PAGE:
FIG. 3 illustrates another modification in which the plate packages 5, 6 are offset with respect to each other and so arranged that each medium, after passing the plate package 5, 6 in the respective flow direction, is conducted through connection ducts 310, 309, respectively, and then passes through the subsequent plate package 6, 5, respectively, in a direction which extends under an angle to the prior flow direction of less than 180°, in the embodiment shown of 90°, see flow paths 37, 38. As best seen in FIG. 3, the two plate packages 5, 6 are rotated 90° with respect to each other, and connected by the respective connection ducts 310, 309.
In general, and dependent on the respective arrangement of the plate packages 5, 6, the connection ducts 9, 10 or 309, 310 . . . etc. may be formed by fixed walls, rigidly installed; the walls may also be of mutually slidable wall plates, in which one plate component is coupled to a plate package 5 and the other plate component is coupled to the plate package 6, to permit relative movement under differential thermal expansion and contraction. FIG. 11 shows a suitable arrangement, in which a plate 1109 extending towards the package 1106 is secured to the package 1105. A plate 1109' extends from the plate package 1106 towards the plate package 1105, and is formed with a U-shaped edge which overlaps and engages over the plate 1109, to permit sliding movement of the plates with respect to each other but provide for a gas-tight guidance, for example by means of a sealing strip or the like as well known.
The plate packages 5 and 6 may, in one illustrative example, be built up of about 150 stacked plates having a thickness of 0.2 mm, with corrugations having a corrugating depth hS from the medium plane, that is, from the edge strip 22, of about 2 mm. The clearance of the flow ducts then will be about 4 mm, which will also be the thickness of the strips 23.
The plates need not be the same size; FIG. 9 illustrates two plate packages 95, 96, connected by ducts 99, 910, through which media flow in the flow path 97, and 98, respectively. The final heater stage, that is, heater stage 96, has an effective heat transfer which is greater than the effective heat transfer of the surface of the plates forming the preheater stage. This effect can also be obtained by forming different corrugations--see FIG. 10--in the plates, in which the pre-heater stage 1005 has corrugations 1024 formed therein which are less deep, or have a lesser dimension hS than the corrugations 1024' of the final heater stage 1006. The heater stages are joined by duct 1010. All other arrangements may be similar and have been omitted from the schematic drawing for clarity. The duct walls, as best seen in FIG. 11, may be single rigid connecting plates, or may be flexible ducts; in accordance with a feature of the invention, a preheater stage 1105 has its plate package connected to a duct wall plate 1109. The final heater stage package 1106 has a duct plate 1109' connected thereto which is formed with an open channel-like edge crimp fitting over the flat plate 1109, so that the two plates are relatively slightly movable to allow for differential expansion and contraction as the plate packages are subjected to respectively different temperatures.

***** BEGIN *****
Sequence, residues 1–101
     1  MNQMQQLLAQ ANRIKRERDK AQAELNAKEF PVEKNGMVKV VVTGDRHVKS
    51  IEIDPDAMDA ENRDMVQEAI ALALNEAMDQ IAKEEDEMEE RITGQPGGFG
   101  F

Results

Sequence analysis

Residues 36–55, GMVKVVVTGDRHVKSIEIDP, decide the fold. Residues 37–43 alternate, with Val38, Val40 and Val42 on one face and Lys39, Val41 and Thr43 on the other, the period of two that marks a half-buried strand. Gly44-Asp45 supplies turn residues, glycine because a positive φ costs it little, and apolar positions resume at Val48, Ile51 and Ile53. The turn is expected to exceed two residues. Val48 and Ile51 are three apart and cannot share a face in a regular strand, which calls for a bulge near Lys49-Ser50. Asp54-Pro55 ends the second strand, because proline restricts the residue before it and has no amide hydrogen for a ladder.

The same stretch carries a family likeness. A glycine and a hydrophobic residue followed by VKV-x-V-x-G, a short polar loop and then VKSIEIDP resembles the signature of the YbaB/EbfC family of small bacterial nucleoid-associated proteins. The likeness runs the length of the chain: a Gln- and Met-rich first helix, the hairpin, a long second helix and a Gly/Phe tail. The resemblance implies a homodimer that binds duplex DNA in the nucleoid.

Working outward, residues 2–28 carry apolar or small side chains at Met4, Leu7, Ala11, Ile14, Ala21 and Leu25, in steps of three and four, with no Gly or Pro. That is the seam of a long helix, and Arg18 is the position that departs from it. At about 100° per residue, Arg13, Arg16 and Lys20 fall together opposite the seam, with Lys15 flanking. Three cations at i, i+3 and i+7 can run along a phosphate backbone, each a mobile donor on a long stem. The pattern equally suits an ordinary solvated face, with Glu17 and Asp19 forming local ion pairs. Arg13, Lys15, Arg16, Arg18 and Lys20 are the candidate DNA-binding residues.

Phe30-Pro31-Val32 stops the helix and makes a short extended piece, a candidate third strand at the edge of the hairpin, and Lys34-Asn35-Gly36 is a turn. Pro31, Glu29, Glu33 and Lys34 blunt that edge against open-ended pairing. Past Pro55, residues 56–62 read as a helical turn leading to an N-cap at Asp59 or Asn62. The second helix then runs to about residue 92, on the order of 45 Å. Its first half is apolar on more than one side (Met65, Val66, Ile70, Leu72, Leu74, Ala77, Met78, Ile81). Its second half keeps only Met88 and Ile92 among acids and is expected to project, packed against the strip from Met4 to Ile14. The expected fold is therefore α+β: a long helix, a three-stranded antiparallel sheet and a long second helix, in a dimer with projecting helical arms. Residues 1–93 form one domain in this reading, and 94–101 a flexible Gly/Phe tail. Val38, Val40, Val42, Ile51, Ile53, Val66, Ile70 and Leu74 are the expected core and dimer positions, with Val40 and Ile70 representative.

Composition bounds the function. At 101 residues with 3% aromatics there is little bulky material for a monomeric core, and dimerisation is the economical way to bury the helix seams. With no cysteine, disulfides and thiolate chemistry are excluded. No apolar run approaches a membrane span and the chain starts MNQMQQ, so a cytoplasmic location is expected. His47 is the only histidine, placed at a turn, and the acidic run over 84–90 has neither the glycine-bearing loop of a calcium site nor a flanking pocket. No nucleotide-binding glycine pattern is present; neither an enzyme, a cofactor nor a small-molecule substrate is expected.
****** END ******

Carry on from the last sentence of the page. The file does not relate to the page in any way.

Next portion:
In accordance with a feature of the invention, the plates can all be identical, or, at least, start with originally identical flat plates 21' (FIG. 12), and then punched by a punch 1250. The depth of penetration of the punch into the plate 21' may differ in dependence upon how deep the corrugations are to be, as explained, for example, with respect to the corrugations 1024, 1024', respectively, FIG. 10.
Other variations between the plates of one package and the other may be made; for example, the material of the plates and of the edge strips of one plate package may differ from that of another plate package from point of view of quality; the final heater stage, subjected to the hottest fluid medium, will receive the best quality material; for lesser temperature ranges, cheaper materials, of lesser heat-resistant material, are sufficient. Suitable materials are copper, stainless steel, and various well known other materials in the heat exchange field, for example nickel and/or cobalt alloys.
The number of plates in any one plate package may also differ from that in another plate package. Again, the plate package forming the final heater stage 6 will contain more plates than the plate package forming the preheater stage 5. If the corrugations differ--see FIG. 10--then the corrugations 1024 in the plates forming the preheater stage 1005 may be more shallow than the corrugations 1024' of the final heater stage 1006. The general shape of the corrugations may be the same, and the difference in height can readily be accomplished by limiting the downward thrust or stroke of the punch 1250 (FIG. 12) into the blank plate 21'.
As illustrated in FIGS. 2 and 3, the plates are preferably rectangular, and have a length which is about 1.5 times its width. The flow ducts which are defined by the edge strips 23, through which the heat releasing medium flows, then preferably extend along the width side of the plates 21, and the strips which define the flow ducts or channels 25 through which the heat absorbing, or heat accepting gaseous medium flows, should extend along the length or longer sides of the plates 21.
Various changes and modifications may be made, and features described in connection with any one of the embodiments may be used with any of the others, within the scope of the inventive concept.
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|U.S. Classification||165/76, 228/175, 29/890.034, 165/166, 29/890.039, 228/183, 165/143|
|International Classification||F28F3/04, F28D9/00|
|Cooperative Classification||F28F2250/102, Y10T29/49357, Y10T29/49366, F28D9/0062|
|Oct 11, 1985||AS||Assignment|
Owner name: M.A.N. MASCHINENFABRIK AUGSBURG-NURNBERG AKTIENGES
Free format text: ASSIGNMENT OF ASSIGNORS INTEREST.;ASSIGNOR:SCHIESSL, GERHARD;REEL/FRAME:004469/0625
Effective date: 19850729
|Jul 6, 1993||FPAY||Fee payment|
Year of fee payment: 4
|Aug 12, 1997||REMI||Maintenance fee reminder mailed|
|Jan 4, 1998||LAPS||Lapse for failure to pay maintenance fees|
|Mar 17, 1998||FP||Expired due to failure to pay maintenance fee|
Effective date: 19980107